The relationship between skill and problem gambling is particular interesting. According to data on problem gambling treatment collected in Ontario, just over 40% of gamblers in treatment list a game of skill as their major area of concern (Rush & Shaw-Moxam, in press). Several researchers have noted that problem gamblers often have an inflated sense of their own skill (Gadboury & Ladouceur, 1989; Toneatto, Blitz-Miller, Calderwood, Dragonetti & Tsanos, 1997). Are problem gamblers who play games of skill simply unskilled players? An alternative view is that some of the “skilled” gamblers in treatment might actually be skilled but not be as skilled as other players.
Books on how to gamble successfully often portray games of skill as games in which the player has a chance of winning in the long run (e.g., Warren, 1996; Patterson, 1990). However, the mixed skills of gamblers playing these games affect the outcome for every player. Against novices the first author (Nigel), can play a successful game of poker, but against experienced players, he most often loses. The second author (Barry) fairs somewhat better against good players. The goal of this paper is to measure how skilled players affect the success of less skilled players, so that the dynamics of a game of skill can be understood.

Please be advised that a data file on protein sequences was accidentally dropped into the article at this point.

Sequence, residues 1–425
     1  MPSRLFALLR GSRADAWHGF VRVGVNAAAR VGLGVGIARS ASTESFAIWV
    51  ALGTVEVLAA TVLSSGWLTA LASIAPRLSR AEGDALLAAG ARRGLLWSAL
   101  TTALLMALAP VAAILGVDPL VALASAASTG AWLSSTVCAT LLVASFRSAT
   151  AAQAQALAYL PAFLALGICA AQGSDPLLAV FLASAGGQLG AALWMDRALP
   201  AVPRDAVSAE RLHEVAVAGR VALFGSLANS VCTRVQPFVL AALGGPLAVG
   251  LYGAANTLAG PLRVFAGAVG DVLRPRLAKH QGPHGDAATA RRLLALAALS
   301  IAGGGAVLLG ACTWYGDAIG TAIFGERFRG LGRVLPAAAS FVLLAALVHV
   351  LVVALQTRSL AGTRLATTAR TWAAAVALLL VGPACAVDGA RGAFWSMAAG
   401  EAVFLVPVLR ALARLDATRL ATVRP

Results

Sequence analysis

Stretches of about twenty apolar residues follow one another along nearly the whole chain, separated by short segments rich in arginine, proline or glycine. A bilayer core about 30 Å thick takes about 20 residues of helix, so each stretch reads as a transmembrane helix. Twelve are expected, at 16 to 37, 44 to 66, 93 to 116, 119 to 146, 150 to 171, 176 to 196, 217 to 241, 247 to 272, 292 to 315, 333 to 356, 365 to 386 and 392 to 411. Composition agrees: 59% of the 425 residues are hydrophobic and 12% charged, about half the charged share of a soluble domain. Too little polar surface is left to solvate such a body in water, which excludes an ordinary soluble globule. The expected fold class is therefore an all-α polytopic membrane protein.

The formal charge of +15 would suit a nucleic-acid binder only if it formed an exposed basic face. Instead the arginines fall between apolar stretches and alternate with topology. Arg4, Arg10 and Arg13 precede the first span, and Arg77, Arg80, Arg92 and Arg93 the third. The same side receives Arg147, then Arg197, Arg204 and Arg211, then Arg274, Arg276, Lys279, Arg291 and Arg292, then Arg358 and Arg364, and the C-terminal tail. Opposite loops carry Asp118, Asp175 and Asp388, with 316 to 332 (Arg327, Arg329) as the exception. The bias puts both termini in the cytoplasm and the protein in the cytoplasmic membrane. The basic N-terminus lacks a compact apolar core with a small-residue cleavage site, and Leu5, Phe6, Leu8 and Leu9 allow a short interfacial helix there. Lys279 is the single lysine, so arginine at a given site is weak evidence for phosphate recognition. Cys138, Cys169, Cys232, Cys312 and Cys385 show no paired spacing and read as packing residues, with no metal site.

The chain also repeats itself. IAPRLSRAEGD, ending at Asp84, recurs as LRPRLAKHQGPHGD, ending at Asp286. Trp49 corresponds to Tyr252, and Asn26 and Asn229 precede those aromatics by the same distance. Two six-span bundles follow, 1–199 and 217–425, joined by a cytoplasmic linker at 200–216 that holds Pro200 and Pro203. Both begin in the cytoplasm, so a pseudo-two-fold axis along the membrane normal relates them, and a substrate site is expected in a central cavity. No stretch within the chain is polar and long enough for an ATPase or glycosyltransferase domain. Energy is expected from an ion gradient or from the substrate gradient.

The goal of this paper is difficult since it often takes thousands of games to accurately measure skill in gambling. Furthermore, tracking enough gamblers for a sufficient amount of time is time consuming and probably not possible (casinos don't like people researching on their property). Consequently, this paper relies upon simulations.
Two games are compared: roulette (see Wong & Spector, 1996) and Hold'em poker (see Warren, 1996). One hundred thousand simulations on both poker and roulette were conducted. Conducting these simulations at exactly the same skill level is not particularly realistic because players do improve (and sometimes get worse). However, applied to the current moment in time, these simulations allow us to get an accurate estimate of a player's level of skill and their expected financial return.
Roulette is a game in which a little ball is thrown around the edge of a spinning wheel. A player places a bet on one of the 37 (or 38) numbered slots that they think the ball will land on. There are many betting options available.